Photo credit: Valerie Jean
Like most people in the world right now, the Riverwise family is grappling with the new paradigm that the covid-19 pandemic has brought to us, so suddenly; the new routines, the new activism, the new contradictions, the new realities— how do we continue with our work of visioning a new world now that this fog of suffering and misery has rolled in, forcing us to reconcile the needless deaths of thousands? How do we keep focused on the opportunities for convergence, when they are clouded by tears? How do we provide support during a medical crisis which continues to baffle health professionals? For the sake of our sanity, it’s become a time of restoration and return— in the face of systemic failures we are returning to the basic things that we need to survive; returning to community-based mutual aid and returning to the comfort of our loved ones. In the meantime corporations and the state are taking every opportunity to advance control and the privatization of public life.
For many Detroiters, the coronavirus has only intensified economic emergencies that were already a daily nightmare. Access to clean water, for example, is an ongoing catastrophe for affected Detroit households. The medical community at large is still grappling to understand the virus and why it has manifested the way it has. The fact remains, however, that the effects are disproportionately greater in black communities than anywhere else. To be denied water during a viral pandemic, with news sources indicating constantly that hand-washing is the best defense against contagion, amounts to the continued humiliation and subjugation of communities of color.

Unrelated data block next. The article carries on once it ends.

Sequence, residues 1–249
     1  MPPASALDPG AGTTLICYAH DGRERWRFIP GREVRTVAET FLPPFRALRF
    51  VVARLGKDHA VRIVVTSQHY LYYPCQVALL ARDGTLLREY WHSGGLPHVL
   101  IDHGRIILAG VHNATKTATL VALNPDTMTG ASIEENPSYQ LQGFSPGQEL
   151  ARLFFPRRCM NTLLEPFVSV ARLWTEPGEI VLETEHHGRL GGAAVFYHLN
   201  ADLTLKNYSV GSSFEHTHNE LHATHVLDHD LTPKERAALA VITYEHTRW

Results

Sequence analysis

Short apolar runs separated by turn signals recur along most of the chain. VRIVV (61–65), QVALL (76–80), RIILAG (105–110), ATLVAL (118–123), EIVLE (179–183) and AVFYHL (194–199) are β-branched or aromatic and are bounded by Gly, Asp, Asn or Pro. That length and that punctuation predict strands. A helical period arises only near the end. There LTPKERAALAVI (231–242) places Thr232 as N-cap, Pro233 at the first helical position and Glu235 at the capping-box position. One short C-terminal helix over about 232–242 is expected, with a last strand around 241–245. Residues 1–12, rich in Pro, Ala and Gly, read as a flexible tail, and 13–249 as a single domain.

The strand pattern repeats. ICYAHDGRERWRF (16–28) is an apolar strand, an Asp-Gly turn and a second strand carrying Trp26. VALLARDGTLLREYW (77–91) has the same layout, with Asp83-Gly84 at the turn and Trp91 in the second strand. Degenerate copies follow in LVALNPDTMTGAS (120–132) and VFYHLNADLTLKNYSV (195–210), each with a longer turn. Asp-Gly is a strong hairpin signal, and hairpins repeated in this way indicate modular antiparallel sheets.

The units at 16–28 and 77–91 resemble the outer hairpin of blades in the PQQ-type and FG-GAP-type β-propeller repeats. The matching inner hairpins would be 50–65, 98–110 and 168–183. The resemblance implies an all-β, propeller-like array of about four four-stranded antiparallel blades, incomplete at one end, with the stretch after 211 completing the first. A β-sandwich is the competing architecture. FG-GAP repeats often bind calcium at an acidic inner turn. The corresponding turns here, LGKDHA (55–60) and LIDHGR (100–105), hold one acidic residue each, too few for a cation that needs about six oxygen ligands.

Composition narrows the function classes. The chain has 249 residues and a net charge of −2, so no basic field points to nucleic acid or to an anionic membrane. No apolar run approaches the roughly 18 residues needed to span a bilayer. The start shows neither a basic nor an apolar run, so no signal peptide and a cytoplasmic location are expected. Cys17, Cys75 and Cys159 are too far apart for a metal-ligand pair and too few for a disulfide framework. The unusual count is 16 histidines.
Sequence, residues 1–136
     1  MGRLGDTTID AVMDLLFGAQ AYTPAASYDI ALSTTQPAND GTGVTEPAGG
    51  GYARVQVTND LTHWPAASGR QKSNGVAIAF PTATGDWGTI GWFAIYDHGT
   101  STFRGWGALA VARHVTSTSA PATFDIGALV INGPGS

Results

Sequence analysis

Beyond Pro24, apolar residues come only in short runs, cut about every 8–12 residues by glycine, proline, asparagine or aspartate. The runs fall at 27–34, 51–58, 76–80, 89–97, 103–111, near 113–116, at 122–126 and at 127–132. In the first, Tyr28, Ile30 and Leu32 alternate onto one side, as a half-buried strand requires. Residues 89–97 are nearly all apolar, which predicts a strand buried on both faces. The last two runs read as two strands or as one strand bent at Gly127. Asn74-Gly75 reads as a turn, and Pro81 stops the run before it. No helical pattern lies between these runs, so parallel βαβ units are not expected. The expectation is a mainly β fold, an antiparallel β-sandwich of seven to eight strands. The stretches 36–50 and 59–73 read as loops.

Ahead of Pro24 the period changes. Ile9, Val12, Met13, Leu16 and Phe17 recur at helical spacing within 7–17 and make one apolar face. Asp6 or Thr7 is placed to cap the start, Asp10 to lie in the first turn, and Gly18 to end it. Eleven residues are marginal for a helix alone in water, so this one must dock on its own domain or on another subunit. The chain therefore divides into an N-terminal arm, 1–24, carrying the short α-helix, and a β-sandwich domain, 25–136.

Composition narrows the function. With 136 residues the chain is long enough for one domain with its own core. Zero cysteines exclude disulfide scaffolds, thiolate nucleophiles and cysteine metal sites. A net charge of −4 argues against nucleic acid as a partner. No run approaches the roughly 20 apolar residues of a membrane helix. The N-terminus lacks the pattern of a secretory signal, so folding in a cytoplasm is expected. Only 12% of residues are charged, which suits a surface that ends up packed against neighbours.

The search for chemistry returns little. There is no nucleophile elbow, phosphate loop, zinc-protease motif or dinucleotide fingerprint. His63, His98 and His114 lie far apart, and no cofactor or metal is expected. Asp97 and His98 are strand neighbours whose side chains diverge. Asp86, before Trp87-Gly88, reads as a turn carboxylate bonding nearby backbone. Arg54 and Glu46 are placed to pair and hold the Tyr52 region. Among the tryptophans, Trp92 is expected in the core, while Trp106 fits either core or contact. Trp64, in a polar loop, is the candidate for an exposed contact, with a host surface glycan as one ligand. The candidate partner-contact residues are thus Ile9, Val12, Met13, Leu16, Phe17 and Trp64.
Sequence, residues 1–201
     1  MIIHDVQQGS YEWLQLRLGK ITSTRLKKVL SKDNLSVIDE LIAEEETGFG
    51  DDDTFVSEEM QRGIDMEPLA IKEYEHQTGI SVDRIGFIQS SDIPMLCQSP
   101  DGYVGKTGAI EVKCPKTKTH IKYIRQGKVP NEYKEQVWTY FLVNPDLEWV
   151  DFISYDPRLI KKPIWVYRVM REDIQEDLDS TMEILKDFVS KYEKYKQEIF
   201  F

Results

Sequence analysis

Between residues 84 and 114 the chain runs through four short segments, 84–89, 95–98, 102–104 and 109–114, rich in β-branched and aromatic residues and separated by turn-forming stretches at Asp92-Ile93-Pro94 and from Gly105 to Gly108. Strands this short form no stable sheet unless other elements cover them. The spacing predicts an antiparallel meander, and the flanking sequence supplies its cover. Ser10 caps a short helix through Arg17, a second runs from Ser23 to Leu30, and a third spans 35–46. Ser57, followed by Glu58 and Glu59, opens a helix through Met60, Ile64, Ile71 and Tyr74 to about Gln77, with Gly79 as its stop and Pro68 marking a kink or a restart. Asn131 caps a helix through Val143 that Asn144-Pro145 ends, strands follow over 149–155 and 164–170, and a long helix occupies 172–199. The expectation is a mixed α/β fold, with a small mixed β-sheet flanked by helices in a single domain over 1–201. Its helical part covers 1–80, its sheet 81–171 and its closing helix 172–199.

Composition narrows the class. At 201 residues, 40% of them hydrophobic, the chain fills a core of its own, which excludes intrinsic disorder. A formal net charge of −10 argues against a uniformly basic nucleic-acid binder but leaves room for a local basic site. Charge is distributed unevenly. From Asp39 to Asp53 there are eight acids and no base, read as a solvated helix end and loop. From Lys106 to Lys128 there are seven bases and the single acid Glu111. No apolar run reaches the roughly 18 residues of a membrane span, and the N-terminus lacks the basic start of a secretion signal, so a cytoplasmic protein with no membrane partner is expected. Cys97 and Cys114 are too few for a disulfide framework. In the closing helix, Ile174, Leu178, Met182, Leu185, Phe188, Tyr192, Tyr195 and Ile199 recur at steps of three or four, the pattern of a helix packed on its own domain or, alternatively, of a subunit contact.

After receiving pressure from grassroots activists, Michigan finally ordered the state-wide restoration of water service on March 10, 2020, through an executive order issued by Governor Gretchen Whitmer. The order states clearly that, “To mitigate the spread of COVID-19, protect the public health, and avoid needless deaths, it is crucial that all Michiganders remain in their homes or residences to the greatest extent possible and wash their hands thoroughly and regularly. Now, more than ever, the provision of clean water to residences is essential to human health and hygiene, and to the public health and safety of this state…….Due to the vital need to ensure that Michigan residents have access to clean water at home during the COVID-19 pandemic, it is reasonable and necessary to require the restoration of clean water to residences across the State of Michigan throughout this state of emergency.” (italics added)